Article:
With the shiny 2.80 ERA, Martinez is outpitching his xFIP of 3.17 and his SIERA of 3.36.  It would appear that he is getting a bit of fortune on his side with a .284 BABIP and 83.3% strand rate.  The BABIP isn’t low enough where we would think that he is in for a huge regression though, because he has a solid defense behind him and he has been adept at limiting hard contact this year at 25.7% (23rd lowest in the league).  However, the strand rate sits at 3rd best in the league and that should begin to regress at least a little bit, which would negatively affect his ERA.  But overall, it is hard to believe that this breakout performance is a fluke.  More likely, it is a case of a young talented pitcher with electric stuff learning how to pitch at the Major League level.

Where Martinez has improved the most over last year is in his ability to get left-handed hitters out.  Last season, working mostly as a relief pitcher, Martinez gave up a .297 AVG and .462 SLG to lefties and a .244 AVG and .301 SLG to righties. So far this season, lefties are still hitting for more power against him, but the hits are coming at a far less rate.  He’s holding lefties to a .221 AVG and .393 SLG this season, and righties are at a .223 AVG and .313 SLG.

The weapon that has been effective for him in guiding him toward this improvement against lefty bats is the development of his changeup.  According to PITCHf/x data, Martinez threw a changeup just 2.9% of the time in 2014, but this year he is going to that offspeed pitch 15.6% of the time.  And it’s the changeup that is inducing both ground balls (66.7%) and swinging strikes (19.5%) at the highest rate of any pitch for him.

Martinez’ 2015 campaign has been more than the Cardinals could have asked for, but early on in the season I suggested that Martinez would probably be put on some sort of innings cap since he only pitched 99.2 innings last season and his career high for a single season is only 108 innings from 2013.  Cardinals management recently came out and said they believe Martinez could exceed 170 innings this year, which is a higher limit than I would have thought because often time teams don’t like their young, inexperienced pitchers to have much more than a 30-40 inning increase from either the previous season or their career high.  But if he does exceed 170 innings, I wouldn’t imagine that he goes too much higher than that.

This would mean that the Cardinals may have to get creative in the second half to limit his innings and to have him available for the post-season.  But with the 9 game lead that the Cardinals currently have in their division, if they can maintain it, then they could afford to skip Martinez’ start when they have an off day scheduled and/or put him in the bullpen in September.  Doing so, also could work out in the team’s benefit because after the All-Star break when Martinez is in uncharted territory for himself in innings pitched, he could begin to show signs of wearing down — poorer command, decreased velocity, etc.  So extra rest or a shift to the pen could be beneficial on both ends if that happens.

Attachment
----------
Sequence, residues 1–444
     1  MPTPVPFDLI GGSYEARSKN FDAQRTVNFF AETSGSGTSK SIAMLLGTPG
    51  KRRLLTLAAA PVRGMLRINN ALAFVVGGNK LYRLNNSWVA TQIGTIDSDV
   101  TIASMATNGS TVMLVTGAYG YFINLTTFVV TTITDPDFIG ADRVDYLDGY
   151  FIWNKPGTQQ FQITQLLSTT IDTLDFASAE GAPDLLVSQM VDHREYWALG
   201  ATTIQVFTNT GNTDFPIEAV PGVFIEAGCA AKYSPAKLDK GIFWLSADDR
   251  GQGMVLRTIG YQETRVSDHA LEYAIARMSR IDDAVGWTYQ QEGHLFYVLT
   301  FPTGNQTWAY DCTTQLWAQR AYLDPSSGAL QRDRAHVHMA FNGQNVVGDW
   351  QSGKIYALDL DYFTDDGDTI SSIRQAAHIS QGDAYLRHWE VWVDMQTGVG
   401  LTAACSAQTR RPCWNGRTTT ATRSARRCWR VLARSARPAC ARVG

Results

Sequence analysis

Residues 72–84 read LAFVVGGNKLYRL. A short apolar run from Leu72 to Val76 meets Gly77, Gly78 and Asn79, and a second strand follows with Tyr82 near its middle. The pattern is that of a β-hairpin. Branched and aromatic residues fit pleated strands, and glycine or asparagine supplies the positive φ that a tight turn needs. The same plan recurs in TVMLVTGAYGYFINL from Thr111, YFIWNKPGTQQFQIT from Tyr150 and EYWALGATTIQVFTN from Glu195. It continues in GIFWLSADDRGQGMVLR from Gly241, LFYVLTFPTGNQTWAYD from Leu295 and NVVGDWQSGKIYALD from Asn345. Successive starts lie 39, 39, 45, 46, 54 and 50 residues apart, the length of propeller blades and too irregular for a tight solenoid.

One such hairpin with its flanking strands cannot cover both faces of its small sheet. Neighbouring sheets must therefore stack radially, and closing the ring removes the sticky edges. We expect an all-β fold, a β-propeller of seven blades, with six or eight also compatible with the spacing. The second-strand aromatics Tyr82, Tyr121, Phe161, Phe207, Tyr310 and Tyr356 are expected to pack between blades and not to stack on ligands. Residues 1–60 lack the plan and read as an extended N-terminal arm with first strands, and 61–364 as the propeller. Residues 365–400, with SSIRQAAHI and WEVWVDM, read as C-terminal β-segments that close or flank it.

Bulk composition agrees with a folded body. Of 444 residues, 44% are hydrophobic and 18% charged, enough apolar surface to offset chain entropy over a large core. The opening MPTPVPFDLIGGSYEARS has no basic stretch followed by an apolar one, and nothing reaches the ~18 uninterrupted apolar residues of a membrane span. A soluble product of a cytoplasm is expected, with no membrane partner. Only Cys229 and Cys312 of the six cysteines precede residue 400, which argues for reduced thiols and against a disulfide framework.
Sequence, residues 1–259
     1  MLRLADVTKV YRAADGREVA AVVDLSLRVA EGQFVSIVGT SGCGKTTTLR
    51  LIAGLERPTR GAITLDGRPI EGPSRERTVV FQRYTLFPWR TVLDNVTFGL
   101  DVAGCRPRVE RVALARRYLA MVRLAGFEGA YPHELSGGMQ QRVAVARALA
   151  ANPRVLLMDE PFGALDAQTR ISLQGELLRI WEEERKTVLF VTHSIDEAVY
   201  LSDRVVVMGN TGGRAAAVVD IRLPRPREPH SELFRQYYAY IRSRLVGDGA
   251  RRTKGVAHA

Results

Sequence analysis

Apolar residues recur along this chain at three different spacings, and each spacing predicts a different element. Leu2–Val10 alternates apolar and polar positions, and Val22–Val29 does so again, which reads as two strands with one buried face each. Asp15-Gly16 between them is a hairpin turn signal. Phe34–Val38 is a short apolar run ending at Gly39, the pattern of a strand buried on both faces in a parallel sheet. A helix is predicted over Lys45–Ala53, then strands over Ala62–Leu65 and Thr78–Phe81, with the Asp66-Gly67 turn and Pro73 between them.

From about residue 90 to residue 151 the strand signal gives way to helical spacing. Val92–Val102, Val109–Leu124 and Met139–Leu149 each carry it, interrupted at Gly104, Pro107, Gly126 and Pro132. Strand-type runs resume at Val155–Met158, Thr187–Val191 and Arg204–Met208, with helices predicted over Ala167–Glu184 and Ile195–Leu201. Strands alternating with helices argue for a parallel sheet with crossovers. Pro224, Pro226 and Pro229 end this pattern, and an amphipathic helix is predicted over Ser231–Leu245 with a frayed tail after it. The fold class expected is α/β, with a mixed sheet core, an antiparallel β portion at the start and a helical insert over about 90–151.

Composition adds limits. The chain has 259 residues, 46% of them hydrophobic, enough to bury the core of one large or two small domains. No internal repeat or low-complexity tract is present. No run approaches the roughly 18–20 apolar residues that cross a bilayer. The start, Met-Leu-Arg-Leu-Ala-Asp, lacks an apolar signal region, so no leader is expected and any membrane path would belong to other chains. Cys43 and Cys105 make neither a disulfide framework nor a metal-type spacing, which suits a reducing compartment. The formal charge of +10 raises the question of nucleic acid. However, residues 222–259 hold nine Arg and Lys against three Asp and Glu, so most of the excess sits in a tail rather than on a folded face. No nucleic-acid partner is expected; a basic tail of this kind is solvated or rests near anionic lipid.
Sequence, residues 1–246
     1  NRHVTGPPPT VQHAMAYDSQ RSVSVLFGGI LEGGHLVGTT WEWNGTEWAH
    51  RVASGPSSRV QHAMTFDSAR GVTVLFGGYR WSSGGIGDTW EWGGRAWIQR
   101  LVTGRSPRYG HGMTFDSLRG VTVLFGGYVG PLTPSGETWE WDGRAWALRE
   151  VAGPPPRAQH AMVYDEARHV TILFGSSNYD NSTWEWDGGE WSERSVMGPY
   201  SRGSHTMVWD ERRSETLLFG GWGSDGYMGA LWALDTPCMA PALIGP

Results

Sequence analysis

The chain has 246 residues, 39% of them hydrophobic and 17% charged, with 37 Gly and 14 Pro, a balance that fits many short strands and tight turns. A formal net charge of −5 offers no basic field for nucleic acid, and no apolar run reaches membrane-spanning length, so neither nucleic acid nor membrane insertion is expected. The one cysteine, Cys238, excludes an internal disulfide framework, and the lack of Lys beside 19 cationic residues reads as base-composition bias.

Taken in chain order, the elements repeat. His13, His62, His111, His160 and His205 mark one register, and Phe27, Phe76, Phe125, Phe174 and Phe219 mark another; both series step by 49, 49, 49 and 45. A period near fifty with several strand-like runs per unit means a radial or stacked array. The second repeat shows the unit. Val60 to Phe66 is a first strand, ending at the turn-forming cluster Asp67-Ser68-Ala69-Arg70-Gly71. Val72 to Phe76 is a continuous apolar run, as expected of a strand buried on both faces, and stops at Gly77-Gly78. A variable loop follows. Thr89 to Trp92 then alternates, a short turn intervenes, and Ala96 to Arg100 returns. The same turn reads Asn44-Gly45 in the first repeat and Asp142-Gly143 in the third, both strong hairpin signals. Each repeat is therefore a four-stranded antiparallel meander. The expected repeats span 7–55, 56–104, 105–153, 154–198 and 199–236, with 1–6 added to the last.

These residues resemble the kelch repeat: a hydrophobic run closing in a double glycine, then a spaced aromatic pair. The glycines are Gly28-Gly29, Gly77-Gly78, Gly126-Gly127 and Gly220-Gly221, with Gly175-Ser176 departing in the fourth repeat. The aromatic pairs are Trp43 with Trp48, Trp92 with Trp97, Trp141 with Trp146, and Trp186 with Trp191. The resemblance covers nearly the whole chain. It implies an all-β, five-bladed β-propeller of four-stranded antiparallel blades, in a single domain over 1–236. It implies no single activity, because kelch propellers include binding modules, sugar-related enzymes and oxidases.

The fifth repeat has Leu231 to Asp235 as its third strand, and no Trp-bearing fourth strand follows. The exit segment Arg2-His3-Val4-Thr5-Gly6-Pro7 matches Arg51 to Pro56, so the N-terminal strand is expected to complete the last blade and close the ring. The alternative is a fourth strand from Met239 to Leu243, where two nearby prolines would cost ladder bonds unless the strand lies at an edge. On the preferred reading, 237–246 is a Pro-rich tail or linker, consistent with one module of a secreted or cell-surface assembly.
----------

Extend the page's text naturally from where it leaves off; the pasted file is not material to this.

So if you own Martinez, then it could be a sneaky move to begin to shop him around for another piece that could help your fantasy team.  Because if/when Martinez begins to display any sort of fatigue in the second half of the season, then other fantasy owners are not going to find him as attractive and they will hear rumblings from larger media outlets (or perhaps the Cardinals organization themselves) that Martinez will be treated more carefully with skipping his turn in the rotation or moving to the pen.  Besides being completely shut down for the year, being moved to the pen would be the worst case scenario, unless it is to close games due to a Trevor Rosenthal injury.  If Martinez is in the pen as a setup man in September then he will not be doing much to help any fantasy squads, especially for the playoffs in head-to-head leagues. So I would say that it is okay to ride him while he’s going well, but just beware of the events that may unfold and to be open minded about trading him away in season long redraft leagues.

Now let’s check out what else happened during Sunday baseball!  Continue reading

I’m the Biggest Ross That You’ve Seen Thus Far (and other notes from 6/19/15)

I have talked about Nationals pitcher prospect Joe Ross in each of his last two starts since he got the call up to the Majors a couple weeks ago.  He is the younger brother of Padres pitcher Tyson Ross and I described him as a very intriguing prospect that had good control, great strikeout potential, and heavy ground ball tendencies.  This all sounds like a formula for success!  Ross debuted against the Cubs and likely had the debut jitters in that one as he gave up 3 runs in 5 innings.  But his next start was against the Brewers and he appeared to be much more comfortable, giving up just 2 runs in 8 innings while striking out 8.  And in each game he got a lot of ground ball outs.

In his third start of the season on Friday, Ross was truly brilliant as he tossed 7.1 innings allowing 1 run on 7 base runners while whiffing 11 Pirates (and he came highly recommended in the DFS strategy post for Friday).  The excellent game improved his record to 2-1 with a 2.66 ERA, 1.03 WHIP, and 23 K/2 BB in 20.2 IP, and he has the very pretty ground ball rate of 56.6%.